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P.D. Soros Fellowship for New Americans

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The Five R’s of Preparing for the Paul & Daisy Soros Fellowships for New Americans Interview

05.30.16
Ankur Luthra

In the last few years, I have been fortunate to be an interview panelist for the annual Paul & Daisy Soros Fellowships for New Americans interviews. Meeting the finalists always leaves me feeling energized, humbled, and inspired. It was not that long ago that I was on the other side of the table, being interviewed myself as a finalist for the Fellowship.

When I am asked what I remember most about my own Paul & Daisy Soros interview, I truthfully answer, “the fact that the interviewers wanted to get to know me, rather than just test me.” Nobody asks what I remember second-most about the interviews, which was being nervous and not knowing what to expect.

In the spirit of helping future finalists feel a little less nervous and a little bit more knowledgeable about what to expect, I wanted to share some thoughts about the interview:

1. Relax: 
In 2014, the Green Bay Packers lost two of their first three games. Fans began to panic (little did they know the Packers would win nine of their next ten). In response, quarterback and fellow Cal Bear Aaron Rodgers said famously, “Five letters here just for everybody out there: r-e-l-a-x.” It’s good advice for finalists as well. The night before the interview is the dinner where past recipients of the Fellowship, panelists, and finalists interact. This is an evening to celebrate your being a finalist. Don’t overthink this. You are not being secretly watched and judged. On interview day, enjoy the chance to meet other finalists in the finalist waiting room, but do not feel pressure to do so either. In the interview itself, stay relaxed and imagine that you’re going to have a conversation with a new friend. Our goal as panelists is to have a conversation with you as opposed to the traditional interviewer/interviewee experience. You are being listened to and not judged. In sum, the dinner and interview are more like a celebration of you followed by a coffeehouse conversation to get to know you; so relax and be yourself!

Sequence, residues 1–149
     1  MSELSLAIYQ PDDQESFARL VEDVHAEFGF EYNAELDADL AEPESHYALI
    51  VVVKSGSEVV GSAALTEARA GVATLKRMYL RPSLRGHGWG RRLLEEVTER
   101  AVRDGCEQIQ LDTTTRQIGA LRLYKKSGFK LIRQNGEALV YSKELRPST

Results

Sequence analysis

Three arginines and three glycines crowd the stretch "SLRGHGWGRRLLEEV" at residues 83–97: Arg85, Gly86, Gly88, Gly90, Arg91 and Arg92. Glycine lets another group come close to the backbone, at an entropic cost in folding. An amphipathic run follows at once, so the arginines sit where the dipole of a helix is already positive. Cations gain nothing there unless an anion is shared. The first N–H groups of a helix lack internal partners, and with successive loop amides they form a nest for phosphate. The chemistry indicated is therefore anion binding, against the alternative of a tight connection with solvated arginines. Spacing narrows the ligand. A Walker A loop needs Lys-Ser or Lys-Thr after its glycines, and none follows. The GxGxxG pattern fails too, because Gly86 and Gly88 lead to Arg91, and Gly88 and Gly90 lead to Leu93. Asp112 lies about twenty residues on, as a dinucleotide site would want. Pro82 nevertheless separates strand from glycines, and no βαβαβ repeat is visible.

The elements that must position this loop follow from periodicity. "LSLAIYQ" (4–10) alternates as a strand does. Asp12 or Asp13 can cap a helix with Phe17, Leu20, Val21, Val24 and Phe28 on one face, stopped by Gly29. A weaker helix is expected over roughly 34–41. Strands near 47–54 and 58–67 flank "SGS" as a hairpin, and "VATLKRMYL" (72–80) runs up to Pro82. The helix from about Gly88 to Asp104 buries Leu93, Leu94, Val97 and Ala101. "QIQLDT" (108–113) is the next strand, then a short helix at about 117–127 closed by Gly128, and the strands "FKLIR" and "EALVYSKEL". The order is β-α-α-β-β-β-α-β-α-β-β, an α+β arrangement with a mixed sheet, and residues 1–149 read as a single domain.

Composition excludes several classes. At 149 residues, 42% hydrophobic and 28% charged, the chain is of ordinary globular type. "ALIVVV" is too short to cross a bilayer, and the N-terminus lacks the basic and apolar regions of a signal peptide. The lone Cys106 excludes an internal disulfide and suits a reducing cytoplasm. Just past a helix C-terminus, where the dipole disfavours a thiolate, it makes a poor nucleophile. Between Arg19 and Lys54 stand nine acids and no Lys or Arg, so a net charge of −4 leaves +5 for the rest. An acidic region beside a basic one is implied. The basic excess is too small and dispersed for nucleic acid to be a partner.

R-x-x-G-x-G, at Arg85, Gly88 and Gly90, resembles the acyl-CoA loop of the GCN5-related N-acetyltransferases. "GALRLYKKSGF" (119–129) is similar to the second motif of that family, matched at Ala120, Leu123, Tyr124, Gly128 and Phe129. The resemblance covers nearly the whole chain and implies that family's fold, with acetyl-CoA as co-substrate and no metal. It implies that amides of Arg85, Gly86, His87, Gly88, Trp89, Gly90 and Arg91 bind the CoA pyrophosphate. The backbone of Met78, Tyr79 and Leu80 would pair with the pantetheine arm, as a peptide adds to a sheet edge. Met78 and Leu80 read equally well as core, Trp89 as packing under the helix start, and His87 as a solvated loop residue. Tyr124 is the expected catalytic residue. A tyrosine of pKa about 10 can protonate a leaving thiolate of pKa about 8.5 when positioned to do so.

2. Re-read: 

Re-read your Paul & Daisy Soros Fellowships application essays prior to the interview and review your resume and any supplemental materials you sent as part of your application. Doing so will help you remember the lens through which we, the interview panelists, are seeing you. In fact, when we surveyed a group of interviewers about advice they would give, one of the most frequency cited pieces of advice to finalists was indeed this one, to re-read your essays and to be able to reflect on the content in those essays during the interview. In addition, have a mentor and friend read your application and ask you questions as preparation, ideally over a coffee to make it a casual conversation.

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3. Be Real (with yourself): 

Don’t worry about focusing the conversation around your best accomplishments or the “biggest brands on your resume,” such as prestigious scholarships or top universities. Being a finalist is a tremendous accomplishment, and you earned it with your application. So in the interview, try to help us understand you beyond that application. Don’t be afraid to tell us about your most rewarding experiences, regardless of whether those have big brands or awards attached to them. Help us understand this real person in front of us; the one with successes and failures and strengths and weaknesses. It may sound cliché, but be yourself; be genuine, sincere, and honest.

4. Be Real (about your work): 

It is important to convey the real-world implications of your current work and your goals. As interview panelists, we want to know what you will be doing in your life here on forward–your dreams and goals, how you will apply your background, and why you are doing what you are doing. Many candidates talk about past accomplishments and impressive current work, but sometimes the panelists don’t understand the real-world application of the candidates’ work and potential. We want to know how your current degree plan helps you build the real-life future you seek to achieve.

5. Radiate: 

As interview panelists, our goal is to better understand why you, the finalist, have made the choices that you did, what fuels you, what your passions are, who you are, and who you wish to become. We find that finalists truly radiate when they talk honestly about these aspects of themselves. There is no right or wrong answer to these questions and you should avoid the temptation to say things you believe the panel “wants to hear.”

The interviews are by no means easy, and we know that everyone will come with nerves, but I hope these thoughts will help you prepare. I know the interviews will be a memorable and wonderful experience for you. Congratulations again to the finalists for the Paul & Daisy Soros Fellowships for New Americans.

 
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Ankur Luthra (2004 Fellow) has been a panelist for The Paul & Daisy Soros Fellowships for New Americans for several years. He was born in San Jose, California, to immigrants from Punjab State, India. The Fellowship supported his MBA at Harvard University. Read his full profile here